Total iron binding capacity
Why this test?
A test for the total iron-binding capacity of the serum is usually prescribed together with the determination of the amount of iron in the serum, sometimes with an analysis of the latent iron-binding capacity of the serum and transferrin to determine the amount of iron in the body and its relationship with blood proteins. These studies make it possible to calculate the percentage of transferrin saturation with iron, that is, to determine exactly how much iron the blood carries.
This indicator most accurately characterizes iron metabolism.
The purpose of such tests is to diagnose iron deficiency or excess.
In patients with anemia, they can determine whether the disease is caused by iron deficiency or other causes, such as a chronic disease or vitamin B12 deficiency. It is interesting that with a lack of iron, its level decreases, but the total iron-binding capacity of the serum increases.
These tests are also performed when iron poisoning or hereditary hemochromatosis is suspected - a disease associated with increased absorption and accumulation of iron in the body.
With it, the concentration of iron in the serum increases, and the total iron-binding capacity of the serum decreases or remains normal.
In what cases is it prescribed?
When any abnormalities are found in the general blood test, hemoglobin test, hematocrit, erythrocyte count (together with the serum iron test). If iron deficiency or excess is suspected. In the early stages, iron deficiency may not show any symptoms. If a person is otherwise healthy, the disease can make itself felt only when the hemoglobin drops below 100 g/l.
These are usually complaints of weakness, fatigue, dizziness, headache.
With a significant lack of iron, there is shortness of breath, pain in the chest and head, weakness in the legs. Some have a desire to eat unusual products (chalk, clay), burning of the tip of the tongue, cracks in the corners of the mouth. Children may have learning difficulties.
The total iron-binding capacity of the serum and other analyzes that reflect iron metabolism may be prescribed if an overload of the body with iron (hemochromatosis) is suspected. This condition manifests itself in different ways, for example, pain in the joints or in the abdomen, weakness, fatigue, decreased sexual desire, heart rhythm disturbances. When observing the effectiveness of treatment of iron deficiency or excess.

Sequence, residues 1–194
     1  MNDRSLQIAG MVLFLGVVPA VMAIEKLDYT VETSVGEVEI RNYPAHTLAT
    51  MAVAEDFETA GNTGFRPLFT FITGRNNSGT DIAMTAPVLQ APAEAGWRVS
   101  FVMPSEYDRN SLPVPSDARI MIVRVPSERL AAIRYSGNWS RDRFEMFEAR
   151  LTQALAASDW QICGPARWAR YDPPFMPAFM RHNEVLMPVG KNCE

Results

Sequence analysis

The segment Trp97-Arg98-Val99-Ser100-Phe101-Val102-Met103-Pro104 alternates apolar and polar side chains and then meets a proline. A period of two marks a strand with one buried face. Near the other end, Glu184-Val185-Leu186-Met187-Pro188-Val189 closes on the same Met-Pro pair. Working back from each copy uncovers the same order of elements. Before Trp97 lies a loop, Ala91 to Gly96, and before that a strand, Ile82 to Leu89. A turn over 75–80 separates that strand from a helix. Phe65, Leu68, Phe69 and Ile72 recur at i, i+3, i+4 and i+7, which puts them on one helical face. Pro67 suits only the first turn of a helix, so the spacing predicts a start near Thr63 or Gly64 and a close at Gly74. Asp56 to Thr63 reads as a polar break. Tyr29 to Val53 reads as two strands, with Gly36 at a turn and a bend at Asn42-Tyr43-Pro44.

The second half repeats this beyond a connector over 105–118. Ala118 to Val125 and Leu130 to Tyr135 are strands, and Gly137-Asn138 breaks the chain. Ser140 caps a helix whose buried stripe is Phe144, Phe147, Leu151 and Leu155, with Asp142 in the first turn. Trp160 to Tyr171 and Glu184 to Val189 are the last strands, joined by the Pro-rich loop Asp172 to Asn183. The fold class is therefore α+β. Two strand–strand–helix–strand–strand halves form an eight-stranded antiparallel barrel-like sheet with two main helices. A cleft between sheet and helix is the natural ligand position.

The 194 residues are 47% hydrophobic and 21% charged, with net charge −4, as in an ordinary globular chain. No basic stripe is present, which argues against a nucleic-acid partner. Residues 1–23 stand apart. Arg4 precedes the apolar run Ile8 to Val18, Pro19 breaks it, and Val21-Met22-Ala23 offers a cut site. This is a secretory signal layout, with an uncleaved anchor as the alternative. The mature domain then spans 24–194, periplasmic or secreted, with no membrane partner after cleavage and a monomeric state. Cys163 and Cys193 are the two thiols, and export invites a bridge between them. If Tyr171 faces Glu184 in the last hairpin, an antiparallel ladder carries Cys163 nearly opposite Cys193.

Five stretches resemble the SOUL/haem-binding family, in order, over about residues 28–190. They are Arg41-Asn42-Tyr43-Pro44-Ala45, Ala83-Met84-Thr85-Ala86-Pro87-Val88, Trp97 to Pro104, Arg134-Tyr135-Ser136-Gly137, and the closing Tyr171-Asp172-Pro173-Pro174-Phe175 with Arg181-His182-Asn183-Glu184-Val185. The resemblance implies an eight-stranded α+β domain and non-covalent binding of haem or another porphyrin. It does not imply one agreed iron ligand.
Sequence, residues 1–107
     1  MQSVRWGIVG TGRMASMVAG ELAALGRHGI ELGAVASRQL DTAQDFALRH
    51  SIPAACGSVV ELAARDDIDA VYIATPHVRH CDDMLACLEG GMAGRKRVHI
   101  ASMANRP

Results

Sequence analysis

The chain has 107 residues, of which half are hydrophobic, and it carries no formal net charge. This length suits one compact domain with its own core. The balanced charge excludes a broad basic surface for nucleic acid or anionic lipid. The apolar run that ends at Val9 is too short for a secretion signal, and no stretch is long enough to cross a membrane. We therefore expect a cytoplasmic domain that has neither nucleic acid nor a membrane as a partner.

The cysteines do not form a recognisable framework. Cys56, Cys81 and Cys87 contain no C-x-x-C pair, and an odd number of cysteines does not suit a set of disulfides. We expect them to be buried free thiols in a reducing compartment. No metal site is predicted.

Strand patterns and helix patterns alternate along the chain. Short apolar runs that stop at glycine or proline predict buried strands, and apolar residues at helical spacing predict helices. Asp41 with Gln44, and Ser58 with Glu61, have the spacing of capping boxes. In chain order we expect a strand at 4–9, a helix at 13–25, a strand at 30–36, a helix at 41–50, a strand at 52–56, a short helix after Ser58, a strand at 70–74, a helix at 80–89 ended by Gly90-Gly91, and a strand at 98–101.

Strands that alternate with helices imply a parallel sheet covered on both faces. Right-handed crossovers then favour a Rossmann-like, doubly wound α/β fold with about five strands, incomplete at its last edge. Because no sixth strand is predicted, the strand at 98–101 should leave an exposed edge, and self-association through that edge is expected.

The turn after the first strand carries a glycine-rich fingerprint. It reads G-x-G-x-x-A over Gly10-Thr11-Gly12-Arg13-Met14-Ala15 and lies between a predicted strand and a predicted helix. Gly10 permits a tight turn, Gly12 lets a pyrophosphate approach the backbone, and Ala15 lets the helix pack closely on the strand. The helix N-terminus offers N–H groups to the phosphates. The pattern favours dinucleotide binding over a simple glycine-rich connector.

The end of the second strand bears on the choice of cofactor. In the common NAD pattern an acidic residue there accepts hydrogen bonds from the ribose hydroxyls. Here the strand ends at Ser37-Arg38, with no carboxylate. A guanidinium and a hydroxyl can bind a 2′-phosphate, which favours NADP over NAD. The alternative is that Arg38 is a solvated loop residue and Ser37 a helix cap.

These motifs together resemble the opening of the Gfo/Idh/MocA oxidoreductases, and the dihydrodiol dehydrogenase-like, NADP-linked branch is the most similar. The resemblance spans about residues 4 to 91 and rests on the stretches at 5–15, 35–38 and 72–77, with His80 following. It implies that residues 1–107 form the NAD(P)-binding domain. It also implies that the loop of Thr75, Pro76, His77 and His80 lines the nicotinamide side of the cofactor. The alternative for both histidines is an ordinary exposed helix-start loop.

Stop taking medicines containing iron 72 hours before the testing.
Iron is an important trace element in the body. It is part of hemoglobin, which fills red blood cells and allows them to carry oxygen from the lungs to organs and tissues. Iron is part of the muscle protein myoglobin and some enzymes. It is absorbed from food and then transferred by transferrin - a special protein that is formed in the liver.
Usually, the body contains 4-5 g of iron, about 3-4 mg (0.1% of the total amount) circulates in the blood in connection with transferrin. The level of transferrin depends on the functioning of the liver and on human nutrition. Normally, 1/3 of transferrin binding centers are filled with iron, the other 2/3 remain in reserve.
The index of serum latent iron-binding capacity reflects how much transferrin is not filled with iron. With iron deficiency, transferrin becomes more so that this protein can bind to a small amount of iron in the serum. Accordingly, the amount of transferrin unoccupied by iron also increases, i.e. the latent iron-binding capacity of the serum. Conversely, with an excess of iron, almost all binding centers of transferrin are occupied by this trace element, so the latent iron-binding capacity of the serum decreases. The amount of serum iron can vary significantly on different days and even within one day (especially in the morning hours). In the early stages, iron deficiency sometimes does not show any symptoms. If a person is otherwise healthy, the disease can make itself felt only when the hemoglobin drops below 100 g/l. These are usually complaints of weakness, fatigue, dizziness, headache.